Is AIOps Bad for Your Business?

With advances in the field of IT, the amount of data needed to manage IT Operations has grown. In particular with more complex environments, such as the SaaS world, the amounts of data and raw data needed to manage operations has grown exponentially. Managing data manually has become a waste of professionals’ skill sets, which could be better used in analyzing and applying the conclusions drawn from the raw data, and not dealing with basic issues that may arise.

To this end, many businesses have begun turning to AIOps – artificial intelligence for IT operations. These are platforms which employ analytics technologies such as big data and machine learning to augment IT operations. Recently, AIOps has become a popular buzzword – everyone wants to talk about it or use it.

AIOps platforms are utilized to analyze and manage the huge quantities of raw data and use analytic algorithms to identify and resolve issues commonly found in IT operations. These include problems such as locating outlying or anomalous data, detecting chronic issues, and employing solutions independently. AIOps seems like the perfect option in a world in which businesses must quickly resolve issues before they can impact customers or operations. This makes it easy to see why so many businesses embrace the platform and see it as a breakthrough in the fields of both IT and AI.

Despite all the benefits of AIOps, it does have its catches. Using AIOps on a system with poor infrastructure, application logic, or data will lead to the AI drawing incorrect conclusions- leading to more poor decisions being made based on even more inaccurate data. Using AIOps on a system which is flawed and inefficient will just make any pre-existing problems worse rather than fixing them. This isn’t entirely the fault of the AI but rather of the system it is placed into.

Does this mean you should jump on or off the AIOps bandwagon? To truly understand if AIOps is a viable option, it’s important to look beyond the positive attention it has garnered and honestly assess the benefits and challenges of working with AI to resolve issues from critical data.

The Good Side of AIOps

We can’t deny the benefits of AIOps – after all, it’s a popular buzzword for a reason. Here are the main benefits that attract companies to use an AIOps solution:

  • Optimizing skill and eliminating toil:AIOps give IT professionals whose skill set would otherwise be wasted on basic data analysis and resolving simple issues an opportunity to maximize their time and skills set and focus on more complex tasks and not waste time on manual labor and toil.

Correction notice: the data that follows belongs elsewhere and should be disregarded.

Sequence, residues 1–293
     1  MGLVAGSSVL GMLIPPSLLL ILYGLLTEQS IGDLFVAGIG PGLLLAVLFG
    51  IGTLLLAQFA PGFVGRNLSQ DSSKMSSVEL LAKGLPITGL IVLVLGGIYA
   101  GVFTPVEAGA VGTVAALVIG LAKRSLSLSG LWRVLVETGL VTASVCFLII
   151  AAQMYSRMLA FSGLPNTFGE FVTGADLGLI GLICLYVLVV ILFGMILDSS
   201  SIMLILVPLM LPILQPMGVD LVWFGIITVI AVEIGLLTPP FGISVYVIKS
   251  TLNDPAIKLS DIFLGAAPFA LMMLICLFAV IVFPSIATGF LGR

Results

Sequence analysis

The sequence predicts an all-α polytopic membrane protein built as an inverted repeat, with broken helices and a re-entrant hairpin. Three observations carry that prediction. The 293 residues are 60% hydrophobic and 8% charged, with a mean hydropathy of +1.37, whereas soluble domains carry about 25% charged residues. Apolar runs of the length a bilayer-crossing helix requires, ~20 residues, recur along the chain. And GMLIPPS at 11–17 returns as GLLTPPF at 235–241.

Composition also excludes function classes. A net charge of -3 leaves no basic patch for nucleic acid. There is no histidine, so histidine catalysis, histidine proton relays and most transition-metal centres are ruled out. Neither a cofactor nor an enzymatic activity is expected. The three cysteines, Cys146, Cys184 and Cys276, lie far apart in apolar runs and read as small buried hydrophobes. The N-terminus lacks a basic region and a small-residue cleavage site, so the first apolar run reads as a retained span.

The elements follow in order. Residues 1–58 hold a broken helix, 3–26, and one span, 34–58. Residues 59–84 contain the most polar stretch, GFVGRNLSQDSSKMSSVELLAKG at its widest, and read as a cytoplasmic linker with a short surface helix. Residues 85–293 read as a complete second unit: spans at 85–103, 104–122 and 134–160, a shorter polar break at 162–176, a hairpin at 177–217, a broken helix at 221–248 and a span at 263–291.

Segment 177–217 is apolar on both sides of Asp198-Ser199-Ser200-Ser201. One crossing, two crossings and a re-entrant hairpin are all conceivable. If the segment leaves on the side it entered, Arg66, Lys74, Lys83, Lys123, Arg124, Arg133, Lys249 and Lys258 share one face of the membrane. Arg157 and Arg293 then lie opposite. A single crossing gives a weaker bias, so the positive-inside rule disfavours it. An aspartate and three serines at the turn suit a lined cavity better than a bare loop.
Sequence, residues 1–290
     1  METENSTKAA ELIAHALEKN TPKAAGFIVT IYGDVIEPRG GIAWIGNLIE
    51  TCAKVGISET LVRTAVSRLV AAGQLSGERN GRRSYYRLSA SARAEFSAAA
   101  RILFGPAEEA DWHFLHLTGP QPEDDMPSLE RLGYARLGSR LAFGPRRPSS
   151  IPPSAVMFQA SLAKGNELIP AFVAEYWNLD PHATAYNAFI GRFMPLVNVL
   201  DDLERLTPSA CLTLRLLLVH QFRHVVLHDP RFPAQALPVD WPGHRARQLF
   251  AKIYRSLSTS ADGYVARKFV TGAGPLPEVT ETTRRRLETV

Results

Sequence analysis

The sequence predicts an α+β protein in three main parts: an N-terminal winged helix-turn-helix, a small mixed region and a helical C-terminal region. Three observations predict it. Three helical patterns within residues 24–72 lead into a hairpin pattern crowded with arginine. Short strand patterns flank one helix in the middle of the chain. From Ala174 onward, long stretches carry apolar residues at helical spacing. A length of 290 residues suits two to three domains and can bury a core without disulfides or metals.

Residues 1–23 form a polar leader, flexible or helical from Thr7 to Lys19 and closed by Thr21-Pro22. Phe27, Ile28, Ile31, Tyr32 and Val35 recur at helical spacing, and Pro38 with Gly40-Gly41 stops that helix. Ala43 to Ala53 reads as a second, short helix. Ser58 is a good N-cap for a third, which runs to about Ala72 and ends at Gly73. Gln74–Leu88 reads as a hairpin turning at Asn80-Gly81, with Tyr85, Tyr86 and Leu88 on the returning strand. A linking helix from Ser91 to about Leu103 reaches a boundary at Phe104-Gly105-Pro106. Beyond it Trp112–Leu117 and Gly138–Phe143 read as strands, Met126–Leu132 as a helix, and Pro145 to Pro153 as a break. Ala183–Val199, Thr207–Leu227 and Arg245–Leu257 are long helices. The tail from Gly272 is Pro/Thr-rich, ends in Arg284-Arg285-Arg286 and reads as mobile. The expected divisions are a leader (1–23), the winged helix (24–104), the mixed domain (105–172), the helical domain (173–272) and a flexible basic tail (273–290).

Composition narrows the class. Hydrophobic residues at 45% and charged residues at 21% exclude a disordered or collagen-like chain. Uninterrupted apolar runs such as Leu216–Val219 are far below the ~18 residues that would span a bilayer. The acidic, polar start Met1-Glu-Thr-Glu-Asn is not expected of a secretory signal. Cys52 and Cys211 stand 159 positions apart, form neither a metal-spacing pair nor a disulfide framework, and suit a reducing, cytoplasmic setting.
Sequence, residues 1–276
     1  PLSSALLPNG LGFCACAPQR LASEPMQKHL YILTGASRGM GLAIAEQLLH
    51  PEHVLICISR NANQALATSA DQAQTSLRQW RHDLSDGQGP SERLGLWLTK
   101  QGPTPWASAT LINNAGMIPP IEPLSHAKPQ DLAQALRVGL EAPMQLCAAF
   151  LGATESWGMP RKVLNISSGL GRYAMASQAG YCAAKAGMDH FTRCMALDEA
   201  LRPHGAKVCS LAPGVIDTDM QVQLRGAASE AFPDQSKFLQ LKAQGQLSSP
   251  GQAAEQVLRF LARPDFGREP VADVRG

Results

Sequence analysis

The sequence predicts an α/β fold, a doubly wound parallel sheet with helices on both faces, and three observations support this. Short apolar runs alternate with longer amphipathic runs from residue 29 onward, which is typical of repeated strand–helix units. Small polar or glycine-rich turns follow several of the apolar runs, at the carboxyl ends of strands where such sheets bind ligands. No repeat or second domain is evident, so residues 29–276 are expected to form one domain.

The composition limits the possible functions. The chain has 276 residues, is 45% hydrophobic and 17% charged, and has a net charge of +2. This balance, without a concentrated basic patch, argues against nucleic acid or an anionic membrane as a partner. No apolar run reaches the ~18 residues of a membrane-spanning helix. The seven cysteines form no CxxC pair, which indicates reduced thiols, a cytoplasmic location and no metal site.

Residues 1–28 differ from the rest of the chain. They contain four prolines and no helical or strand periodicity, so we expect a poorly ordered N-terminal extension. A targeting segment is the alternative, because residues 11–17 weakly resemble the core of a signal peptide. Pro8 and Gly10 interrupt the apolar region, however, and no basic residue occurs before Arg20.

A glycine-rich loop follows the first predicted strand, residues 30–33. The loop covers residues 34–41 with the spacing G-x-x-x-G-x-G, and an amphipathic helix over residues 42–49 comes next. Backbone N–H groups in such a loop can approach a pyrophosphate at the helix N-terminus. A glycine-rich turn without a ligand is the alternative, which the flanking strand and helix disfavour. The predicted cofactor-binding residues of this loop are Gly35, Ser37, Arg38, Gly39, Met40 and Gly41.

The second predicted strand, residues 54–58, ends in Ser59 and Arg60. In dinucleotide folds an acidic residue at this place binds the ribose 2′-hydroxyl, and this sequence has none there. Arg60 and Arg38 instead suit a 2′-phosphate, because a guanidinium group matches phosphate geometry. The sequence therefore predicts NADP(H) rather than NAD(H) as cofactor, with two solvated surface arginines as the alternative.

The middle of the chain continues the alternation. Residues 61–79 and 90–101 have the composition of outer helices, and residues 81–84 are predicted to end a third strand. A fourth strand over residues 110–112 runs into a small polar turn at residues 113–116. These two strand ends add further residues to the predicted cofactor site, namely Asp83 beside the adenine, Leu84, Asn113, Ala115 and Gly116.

• Small issues have a smaller impact:The platform can handle small issues or anomalies independently leading to minor problems being found and addressed before they have a chance to impact the client or possibly business operations.
  • Targeted focus:Though there may be some pushback at first, the platform does not aim to replace IT engineers, but rather to augment their work and allow them to shift their focus to more critical tasks and not simple analytics and troubleshooting.

It Ain’t Perfect

There are two sides to every coin, and it’s important not to be swept away by “cool” solutions without looking at the negatives as well, and AIOps does have a few negatives:

  • Unreliable results and poor data qualityAIOps may be built to handle immense quantities of data, but its data quality can be inconsistent. Users have found that crucial information is often left as unstructured data and not included in analytics. This can lead to incorrect conclusions and faulty analyses.
  • Assuming efficiencyIt’s easy to get sidetracked and assume the efficiency of AIOps by looking at the number of anomalies or issues resolved, but it’s important to remember to look at the bottom line. Has the platform accomplished goals such as lowering costs, heightening efficiency, or creating wider availability in the system?
  • Supervision and maintenanceAll new technologies need their time to be integrated and monitored to ensure they’re fully functioning. AIOps is no different. The platform is intricate, and as with any program relying on algorithms, the results coming in may be accurate – until they aren’t. Blindly trusting the platform could risk an error slipping by unnoticed.

What’s the verdict?

While AIOps has definitely made a big splash in the IT world, it might not be worth jumping into head-on. Although the hype may seem justified at first glance, it’s also clear to see why some companies are skeptical of it. IT managers are hesitant with entrusting sensitive data and the responsibility of data management to a platform which is still developing. Many users claim to be disappointed, saying the platform does not live up to the hype, often returning faulty or inaccurate results which don’t fully reflect the data.

Overall, it’s still early days for AIOps, and the technology is still evolving. For now, most businesses, while excited by the opportunities the platform promises, prefer to opt for a “wait and see” approach before subscribing to a system which may be dazzling but is still riddled with faults. Only time will tell if AIOps is truly the future of IT operations.

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